Eastern Asiatic Region
The Eastern Asiatic Region (also known as Oriasiaticum, Sino-Japanese Region, East Asian Region, Temperate Eastern Region) is the richest floristic region within the Holarctic Kingdom and situated in temperate East Asia. It has been recognized as a natural floristic area since 1872 August Grisebach's volume Die Vegetation der Erde and later delineated by such geobotanists as Ludwig Diels, Adolf Engler (as Temperate Eastern region), Ronald Good (as Sino-Japanese Region) and Armen Takhtajan.
The Eastern Asiatic Region is dominated by very old lineages of gymnosperms and woody plant families and is thought to be the cradle of the Holarctic flora. Moreover, this floristic region wasn't significantly glaciated in the Pleistocene, and many relict Tertiary genera (such as Metasequoia glyptostroboides, ancestors of which were once common throughout the Northern Hemisphere up to subpolar latitudes) found refuge here.
The Eastern Asiatic Region endemic flora is characterized by:
- about 30 endemic families, including: Ginkgoaceae, Sciadopityaceae, Trochodendraceae, Tetracentraceae, Cercidiphyllaceae, Circaeasteraceae, Eucommiaceae, Eupteleaceae, Sargentodoxaceae, Nandinaceae, Pteridophyllaceae, Rhoipteleaceae, Stachyuraceae, Sladeniaceae, Dipentodontaceae, Helwingiaceae.
- three to six hundred endemic genera, including: Cephalotaxus, Amentotaxus, Pseudotaxus, Keteleeria, Pseudolarix, Cathaya, Metasequoia, Cryptomeria, Microbiota, Akebia, Kingdonia, Megaleranthis, Hylomecon, Eomecon, Маcleaya, Disanthus, Loropetalum, Corylopsis, Fortunearia, Sinowilsonia, Pteroceltis, Idesia, Bolbostemma, Schizopeppon, Clematoclethra, Bryanthus, Schizocodon, Stephanandra, Rhodotypos, Kerria, Chaenomeles, Rhaphiolepis, Prinsepia, Dichotomanthes, Kirengeshoma, Tanakea, Maakia, Phellodendron, Poncirus, Psilopeganum, Таpiscia, Dipteronia, Fatsia, Tetrapanax, Diplopanax, Evodiopanax, Kalopanax, Hovenia, Dipelta, Kolkwitzia, Oreocharis, Paulownia, Ombrocharis, Paralamium, Perillula, Popoviocodonia, Platycodon, Hanabusaya, Callistephus, Parasenecio, Symphyllocarpus, Chionographis, Metanarthecium, Heloniopsis, Tricyrtis, Cardiocrinum, Hosta, Reineckea, Nomocharis, Milula, Rohdea, Liriope, Aspidistra, Lycoris, Sasa, Phyllostachys, Oreocalamus, Shibataea, Phaenosperma, Chikusichloa, Trachycarpus, and Pinellia.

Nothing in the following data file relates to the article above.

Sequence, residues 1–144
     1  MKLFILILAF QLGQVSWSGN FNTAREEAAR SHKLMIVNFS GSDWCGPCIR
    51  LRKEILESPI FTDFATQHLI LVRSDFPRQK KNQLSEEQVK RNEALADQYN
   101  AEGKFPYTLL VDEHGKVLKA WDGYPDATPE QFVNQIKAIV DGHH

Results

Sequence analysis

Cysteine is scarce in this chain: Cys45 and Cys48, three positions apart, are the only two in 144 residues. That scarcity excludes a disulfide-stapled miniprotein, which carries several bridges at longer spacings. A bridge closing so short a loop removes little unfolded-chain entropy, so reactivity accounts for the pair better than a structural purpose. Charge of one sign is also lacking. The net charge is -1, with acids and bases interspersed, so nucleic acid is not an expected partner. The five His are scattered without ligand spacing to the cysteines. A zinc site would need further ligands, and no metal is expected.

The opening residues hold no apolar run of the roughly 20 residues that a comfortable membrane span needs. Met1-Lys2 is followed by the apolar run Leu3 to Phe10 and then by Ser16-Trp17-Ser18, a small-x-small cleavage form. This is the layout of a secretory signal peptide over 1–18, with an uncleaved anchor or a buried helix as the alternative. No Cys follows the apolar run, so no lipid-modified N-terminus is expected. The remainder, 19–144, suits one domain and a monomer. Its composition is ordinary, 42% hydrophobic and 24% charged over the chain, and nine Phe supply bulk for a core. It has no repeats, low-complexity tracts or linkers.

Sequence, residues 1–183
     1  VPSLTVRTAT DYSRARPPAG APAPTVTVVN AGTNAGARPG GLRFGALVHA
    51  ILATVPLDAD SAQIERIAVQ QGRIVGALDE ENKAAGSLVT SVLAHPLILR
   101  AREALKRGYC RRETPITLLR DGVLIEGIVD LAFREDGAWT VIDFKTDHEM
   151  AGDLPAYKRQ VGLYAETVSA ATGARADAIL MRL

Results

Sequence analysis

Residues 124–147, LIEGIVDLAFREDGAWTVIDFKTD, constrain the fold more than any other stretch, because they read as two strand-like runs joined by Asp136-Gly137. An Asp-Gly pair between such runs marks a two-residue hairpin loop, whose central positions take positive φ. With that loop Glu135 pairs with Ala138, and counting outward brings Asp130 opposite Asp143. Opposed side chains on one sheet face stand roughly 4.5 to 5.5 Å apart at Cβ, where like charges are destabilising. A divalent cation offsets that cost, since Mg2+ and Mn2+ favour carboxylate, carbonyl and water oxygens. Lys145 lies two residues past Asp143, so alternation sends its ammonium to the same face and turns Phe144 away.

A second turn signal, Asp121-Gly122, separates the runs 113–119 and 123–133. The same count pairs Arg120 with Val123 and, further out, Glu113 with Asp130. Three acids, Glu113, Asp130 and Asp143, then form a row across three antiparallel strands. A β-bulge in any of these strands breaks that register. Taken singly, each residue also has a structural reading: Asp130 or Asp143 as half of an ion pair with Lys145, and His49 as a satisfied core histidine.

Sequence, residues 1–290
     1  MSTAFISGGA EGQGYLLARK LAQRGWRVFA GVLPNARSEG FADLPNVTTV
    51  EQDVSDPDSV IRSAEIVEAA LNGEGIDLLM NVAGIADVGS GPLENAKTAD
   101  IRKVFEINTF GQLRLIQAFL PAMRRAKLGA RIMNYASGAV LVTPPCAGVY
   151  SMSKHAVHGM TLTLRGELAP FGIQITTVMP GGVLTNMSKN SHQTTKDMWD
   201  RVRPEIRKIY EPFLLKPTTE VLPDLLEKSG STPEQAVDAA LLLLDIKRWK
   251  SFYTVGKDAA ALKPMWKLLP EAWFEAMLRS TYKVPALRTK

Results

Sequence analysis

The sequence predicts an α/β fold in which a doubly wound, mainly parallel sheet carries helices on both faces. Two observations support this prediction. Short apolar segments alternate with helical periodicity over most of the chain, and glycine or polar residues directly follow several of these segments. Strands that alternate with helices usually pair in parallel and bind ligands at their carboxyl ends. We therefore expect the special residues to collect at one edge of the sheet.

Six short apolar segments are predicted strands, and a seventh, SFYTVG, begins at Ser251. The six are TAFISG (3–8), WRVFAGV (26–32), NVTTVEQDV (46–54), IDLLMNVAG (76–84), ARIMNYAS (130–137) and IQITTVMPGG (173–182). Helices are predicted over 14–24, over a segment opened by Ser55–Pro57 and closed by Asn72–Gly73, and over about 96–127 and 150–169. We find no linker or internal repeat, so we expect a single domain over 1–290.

Approximately eight other families are shared with tropical Southeast Asia (Nageiaceae, Rhodoleiaceae, Daphniphyllaceae, Pentaphyllaceae, Duabangaceae, Mastixiaceae, Pentaphragmataceae, Lowiaceae). As has long been noted, many relict genera occurring in East Asia, such as Liriodendron and Hamamelis, are shared with temperate North America, especially the North American Atlantic Region.
The Eastern Asiatic Region is bordered by the Circumboreal Region of the Holarctic Kingdom in the north, the Irano-Turanian Region of the same kingdom in the west and Indian, Indochinese and Malesian Regions of the Paleotropical Kingdom in the south. It comprises the southern part of the Russian Far East, southern part of Sakhalin, Manchuria, Korea, Japan, Taiwan, relatively humid eastern part of the mainland China from Manchuria and the seashore to Eastern Himalaya and Kali Gandaki Valley in Nepal, including Sikkim, northern Burma and northernmost Vietnam (parts of Tonkin).
According to a version of Takhtajan's classification, the Eastern Asiatic Region is further subdivided into 13 provinces; however, the number and delimitation of the southern provinces is disputed and varies even across Takhtajan's work.
- Manchurian Province
- Sakhalin-Hokkaido Province
- Japan-Korean Province
- Ryukyu Province
- Volcanic-Bonin Province
- Taiwanese Province
- Northern Chinese Province
- Central Chinese Province
- Southeastern Chinese Province
- Sikang-Yuennan Province
- Northern Burmese Province
- Eastern Himalayan Province
- Khasi-Manipur Province
Cheng-yih Wu. Delineation and Unique Features of the Sino-Japanese Floristic Region. David E. Boufford and Hideaki Ohba (eds.), University of Tokyo Bulletin 37: Sino-Japanese Flora — Its Characteristics and Diversification. Tokyo: University of Tokyo, 1998.